Hi I'm Alex
Recently I have been working on a whole host of short documentary pieces and music performance video content for Kaashi Arts, an arts organisation dedicated to promoting Indian classical music in the UK. Delivering videos for every platform, Facebook, YouTube, Instagram etc. and tailoring specific content for each one. This has resulted in Kaashi Arts seeing an increase in engagement with tens of thousands of new followers, as well as being able to entice some big Indian acts to come play in the UK.
But how did I get here?
In 2011 I graduated with a first in Digital Media and Technologies from The University of Bradford. This is where I cut my teeth learning all the technical skills around software, equipment and the media landscape in general.
My aim back then was to be a multi-tool of media production, and before I graduated I was designing and coding websites freelance and completed my first video commission for BBC Radio 4 promoting their writers bursary award.
After graduating I was a multimedia producer for global market research agency GfK, producing video for the UK office and globally. Market research deals with a lot of numbers, which really suited animated motion graphics to bring things to life. I got really good at animating numbers and stats in exciting ways. They also deal a lot with people, and this is where I first got my taste for documentary work, filming interviews and 'in-home ethnography'. After 3 years I learnt how to run some quite large productions for GfK, how to work with teams, multiple stakeholders and to a deadline.
In 2014 I went freelance in video production, quickly finding myself in the fast-paced tech startup scene around Silicon Roundabout creating video for Microsoft Ventures Accelerator covering their startup program and events. Notably producing a 15min documentary about indie game company Gateway Interactive which premiered on XBOX dashboards around the world.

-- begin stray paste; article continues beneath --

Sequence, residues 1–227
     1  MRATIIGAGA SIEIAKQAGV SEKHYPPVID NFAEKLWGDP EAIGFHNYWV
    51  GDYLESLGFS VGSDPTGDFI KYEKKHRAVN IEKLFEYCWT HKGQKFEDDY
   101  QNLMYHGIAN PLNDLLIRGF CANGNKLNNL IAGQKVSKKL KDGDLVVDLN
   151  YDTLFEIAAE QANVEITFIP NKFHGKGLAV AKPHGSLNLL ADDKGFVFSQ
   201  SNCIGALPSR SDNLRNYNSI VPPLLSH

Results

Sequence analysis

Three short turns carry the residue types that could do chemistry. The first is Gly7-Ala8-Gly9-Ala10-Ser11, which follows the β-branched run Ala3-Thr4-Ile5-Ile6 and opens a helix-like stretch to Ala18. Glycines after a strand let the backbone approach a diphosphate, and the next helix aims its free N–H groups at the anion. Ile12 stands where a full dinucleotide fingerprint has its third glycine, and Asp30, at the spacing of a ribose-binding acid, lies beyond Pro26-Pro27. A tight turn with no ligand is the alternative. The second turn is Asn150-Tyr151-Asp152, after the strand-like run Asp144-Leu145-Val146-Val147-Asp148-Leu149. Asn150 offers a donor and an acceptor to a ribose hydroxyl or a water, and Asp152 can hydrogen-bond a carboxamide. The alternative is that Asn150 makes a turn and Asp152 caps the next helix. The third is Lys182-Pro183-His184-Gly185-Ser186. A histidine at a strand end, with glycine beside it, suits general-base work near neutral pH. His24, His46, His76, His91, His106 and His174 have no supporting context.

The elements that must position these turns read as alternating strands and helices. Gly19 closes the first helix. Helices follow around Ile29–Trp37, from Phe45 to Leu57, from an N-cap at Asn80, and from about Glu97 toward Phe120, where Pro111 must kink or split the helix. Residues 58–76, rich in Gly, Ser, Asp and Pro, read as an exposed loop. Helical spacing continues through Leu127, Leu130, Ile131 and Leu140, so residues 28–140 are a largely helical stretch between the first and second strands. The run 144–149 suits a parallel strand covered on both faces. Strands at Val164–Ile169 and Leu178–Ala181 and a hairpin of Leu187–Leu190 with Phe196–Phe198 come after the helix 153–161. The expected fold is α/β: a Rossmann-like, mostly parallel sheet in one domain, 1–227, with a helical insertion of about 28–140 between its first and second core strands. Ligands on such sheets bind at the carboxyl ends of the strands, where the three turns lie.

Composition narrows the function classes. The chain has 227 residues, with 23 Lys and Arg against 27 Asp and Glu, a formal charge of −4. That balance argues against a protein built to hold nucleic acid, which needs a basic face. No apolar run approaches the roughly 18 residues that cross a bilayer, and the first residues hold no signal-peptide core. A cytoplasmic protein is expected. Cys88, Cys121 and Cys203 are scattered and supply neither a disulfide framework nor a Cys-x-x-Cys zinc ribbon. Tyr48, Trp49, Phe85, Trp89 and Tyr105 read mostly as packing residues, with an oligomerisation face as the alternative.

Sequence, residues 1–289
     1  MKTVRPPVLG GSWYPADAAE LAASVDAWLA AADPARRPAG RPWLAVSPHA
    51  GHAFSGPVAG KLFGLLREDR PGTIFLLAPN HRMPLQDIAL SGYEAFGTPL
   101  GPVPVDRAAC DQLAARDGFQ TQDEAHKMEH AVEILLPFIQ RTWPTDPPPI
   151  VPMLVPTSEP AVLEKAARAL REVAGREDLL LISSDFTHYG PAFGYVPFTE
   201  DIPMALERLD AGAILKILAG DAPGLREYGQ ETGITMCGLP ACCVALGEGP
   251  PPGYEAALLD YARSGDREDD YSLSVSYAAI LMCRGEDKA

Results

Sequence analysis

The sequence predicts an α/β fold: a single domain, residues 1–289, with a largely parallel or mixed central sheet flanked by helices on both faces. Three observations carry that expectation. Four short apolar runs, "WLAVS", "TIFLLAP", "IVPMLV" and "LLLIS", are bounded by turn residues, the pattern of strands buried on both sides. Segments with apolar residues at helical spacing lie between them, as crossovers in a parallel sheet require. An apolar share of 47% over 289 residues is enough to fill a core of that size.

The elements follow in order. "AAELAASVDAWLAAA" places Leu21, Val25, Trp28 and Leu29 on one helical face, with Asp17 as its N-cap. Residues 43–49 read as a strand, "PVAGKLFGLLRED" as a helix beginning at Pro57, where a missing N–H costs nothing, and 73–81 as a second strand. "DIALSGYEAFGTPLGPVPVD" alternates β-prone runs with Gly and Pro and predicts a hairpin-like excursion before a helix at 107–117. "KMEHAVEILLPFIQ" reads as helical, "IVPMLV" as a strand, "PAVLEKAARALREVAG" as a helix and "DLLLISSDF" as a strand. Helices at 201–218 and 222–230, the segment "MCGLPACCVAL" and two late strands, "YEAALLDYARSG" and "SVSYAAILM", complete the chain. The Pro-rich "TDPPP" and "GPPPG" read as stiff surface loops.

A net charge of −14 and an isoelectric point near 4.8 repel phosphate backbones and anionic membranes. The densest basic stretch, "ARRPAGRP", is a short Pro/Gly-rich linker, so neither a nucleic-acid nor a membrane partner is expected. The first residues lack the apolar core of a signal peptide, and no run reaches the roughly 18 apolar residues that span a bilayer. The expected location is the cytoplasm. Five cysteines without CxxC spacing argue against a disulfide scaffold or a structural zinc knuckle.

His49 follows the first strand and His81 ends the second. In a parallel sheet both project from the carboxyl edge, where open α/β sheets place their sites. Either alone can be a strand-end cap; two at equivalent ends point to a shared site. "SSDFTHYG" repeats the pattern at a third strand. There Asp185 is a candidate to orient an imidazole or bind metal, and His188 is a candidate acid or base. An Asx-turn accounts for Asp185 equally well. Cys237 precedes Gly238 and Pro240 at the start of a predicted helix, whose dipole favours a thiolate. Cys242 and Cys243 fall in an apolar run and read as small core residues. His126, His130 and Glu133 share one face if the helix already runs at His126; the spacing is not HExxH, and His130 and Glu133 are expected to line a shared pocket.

Working with USAID and In Tune For Life In 2015 I directed a 30min drama in Malawi which included medical information for HIV+ patients. The film was called Chiyembekezo, which means 'Hope' in chewa, and followed the story of Alinafe, a newly pregnant mother who discovers she has HIV.
Designed specifically for patients in Malawi, the film underwent pilot testing to see how effective it would be at helping patients. The results that came back I have been very proud of.
Participants discussed that they would have felt more empowered to disclose their status if they had watched the film straight after testing.
Ministry of Health counsellors felt that the film would improve their pre-ART sessions, as it is a refreshingly new way of delivering information that would capture the patient’s attention.